- a termination must give due consideration to the previous evaluations of progress, age, grade, level, and abilities of the student
The concern is that these same provisions are not explicitly written into the new section pertaining to the new “Notification Only, No Funding” (NONF) option (section 1.2).
In fact, the current wording for this new option gives an appointed bureaucrat, namely the Executive Director of Field Services, extensive powers of investigation when “there is, in the opinion of the Director, reason to believe that the home education program is not being provided in accordance with this Regulation or does not provide reasonable opportunity for the student to achieve the applicable outcomes…”
Furthermore, if the parent providing a NONF program “does not cooperate fully with the investigation” or “if after the investigation is complete the Director is not satisfied that the program is being provided in accordance with this Regulation” then this bureaucrat “may, by notice in writing to the parent, terminate the home education program”.
Drafting errors are often honest mistakes made by legislative counsel for the minister responsible, therefore we would expect that this oversight is remedied as soon as possible to ensure that all parents will be afforded access to the same due process before their home education program is terminated, regardless of whether they are accessing a supervised home education program or the new NONF option.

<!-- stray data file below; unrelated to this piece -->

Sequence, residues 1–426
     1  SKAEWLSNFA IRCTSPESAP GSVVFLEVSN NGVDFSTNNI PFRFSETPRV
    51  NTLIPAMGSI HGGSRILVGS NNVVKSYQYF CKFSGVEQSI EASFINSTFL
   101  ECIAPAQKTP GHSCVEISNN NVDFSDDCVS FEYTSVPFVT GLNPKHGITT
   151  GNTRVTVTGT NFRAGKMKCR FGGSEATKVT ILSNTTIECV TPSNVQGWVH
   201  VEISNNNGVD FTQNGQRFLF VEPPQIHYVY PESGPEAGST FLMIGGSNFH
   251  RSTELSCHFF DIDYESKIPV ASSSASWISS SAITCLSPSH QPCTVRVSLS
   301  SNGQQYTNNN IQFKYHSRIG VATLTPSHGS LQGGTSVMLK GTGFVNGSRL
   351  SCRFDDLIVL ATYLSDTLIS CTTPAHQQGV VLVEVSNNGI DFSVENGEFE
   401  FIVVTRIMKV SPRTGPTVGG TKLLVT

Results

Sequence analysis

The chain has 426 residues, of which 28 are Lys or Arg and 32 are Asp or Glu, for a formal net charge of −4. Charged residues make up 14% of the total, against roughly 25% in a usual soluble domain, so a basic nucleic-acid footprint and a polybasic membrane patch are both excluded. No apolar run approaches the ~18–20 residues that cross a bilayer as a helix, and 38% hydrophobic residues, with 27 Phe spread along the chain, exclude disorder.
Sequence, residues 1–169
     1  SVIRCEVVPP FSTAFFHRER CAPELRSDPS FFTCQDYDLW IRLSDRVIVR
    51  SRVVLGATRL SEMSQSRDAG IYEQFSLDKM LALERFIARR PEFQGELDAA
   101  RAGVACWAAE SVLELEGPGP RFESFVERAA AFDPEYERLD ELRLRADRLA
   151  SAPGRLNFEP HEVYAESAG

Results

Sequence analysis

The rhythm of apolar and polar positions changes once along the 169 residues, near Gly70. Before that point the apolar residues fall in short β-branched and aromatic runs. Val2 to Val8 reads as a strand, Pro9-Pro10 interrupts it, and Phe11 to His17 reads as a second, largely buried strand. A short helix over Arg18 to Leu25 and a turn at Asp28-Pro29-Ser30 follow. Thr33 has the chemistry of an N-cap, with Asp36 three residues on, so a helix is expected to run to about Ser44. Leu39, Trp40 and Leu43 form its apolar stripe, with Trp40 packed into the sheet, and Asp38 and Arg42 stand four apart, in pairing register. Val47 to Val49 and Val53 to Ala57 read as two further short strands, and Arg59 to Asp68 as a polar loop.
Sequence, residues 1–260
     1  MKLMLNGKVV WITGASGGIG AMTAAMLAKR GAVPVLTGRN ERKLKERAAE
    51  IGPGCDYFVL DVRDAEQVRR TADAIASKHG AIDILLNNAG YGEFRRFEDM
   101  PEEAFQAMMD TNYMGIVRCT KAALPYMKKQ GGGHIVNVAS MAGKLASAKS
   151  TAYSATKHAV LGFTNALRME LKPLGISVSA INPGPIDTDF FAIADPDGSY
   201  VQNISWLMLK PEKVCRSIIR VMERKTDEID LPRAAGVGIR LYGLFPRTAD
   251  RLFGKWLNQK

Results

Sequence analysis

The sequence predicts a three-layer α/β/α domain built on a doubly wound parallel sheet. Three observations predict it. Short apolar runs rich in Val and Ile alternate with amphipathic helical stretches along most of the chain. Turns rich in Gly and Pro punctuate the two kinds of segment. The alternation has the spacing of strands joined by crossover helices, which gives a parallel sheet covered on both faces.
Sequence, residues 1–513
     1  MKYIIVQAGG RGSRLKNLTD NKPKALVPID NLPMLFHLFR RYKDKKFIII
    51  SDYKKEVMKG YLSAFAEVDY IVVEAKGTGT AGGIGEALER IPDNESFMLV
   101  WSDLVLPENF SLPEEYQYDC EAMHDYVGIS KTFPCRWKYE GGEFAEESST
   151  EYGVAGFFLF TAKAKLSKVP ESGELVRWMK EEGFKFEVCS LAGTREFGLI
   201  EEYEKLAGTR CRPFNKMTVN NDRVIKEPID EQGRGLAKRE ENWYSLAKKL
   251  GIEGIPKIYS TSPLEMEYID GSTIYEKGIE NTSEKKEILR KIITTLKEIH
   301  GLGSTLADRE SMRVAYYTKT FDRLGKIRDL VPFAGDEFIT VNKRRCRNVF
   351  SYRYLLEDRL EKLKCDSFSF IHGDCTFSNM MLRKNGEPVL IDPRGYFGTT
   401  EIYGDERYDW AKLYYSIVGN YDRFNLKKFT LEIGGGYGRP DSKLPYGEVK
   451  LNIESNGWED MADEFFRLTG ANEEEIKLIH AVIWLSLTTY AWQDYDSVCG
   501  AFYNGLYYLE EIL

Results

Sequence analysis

That said, PCE will bring this concern forward to the Minister, requesting that the same clauses in section 8, pertaining to a supervised home education program, will also be included in section 1.2, pertaining to the NONF option.
It is inconceivable that an associate board or private school - with more experience evaluating home education outcomes, more local knowledge of the home student and parent, and more skin in the game of the student’s success - justifies more checks and balances against their much more limited powers than a distant bureaucrat with oversight of an entire province.
We should be proud of Alberta continuing to set the pace in the race for education choice. We should give credit to the thousands of grassroots voices who gave shape to these advances for our movement and the several dozen MLAs who listened to those voices.
We trust Minister LaGrange can recognise that parents are the experts on the learning outcomes of their children and the education professionals they may voluntarily select are more, not less, competent to judge the learning outcomes of their children than a distant bureaucrat.
Therefore, PCE will bring this concern forward to Minister LaGrange, calling for checks and balances on bureaucratic power to investigate and terminate “unsupervised” home education programs that are, at the very least, on par with the limits on associate boards and private schools to terminate “supervised” home education programs.
We encourage families who are so inclined to exercise the Notification Only, No Funding choice to show it can be used responsibly by Alberta families with the lightest possible regulatory touch.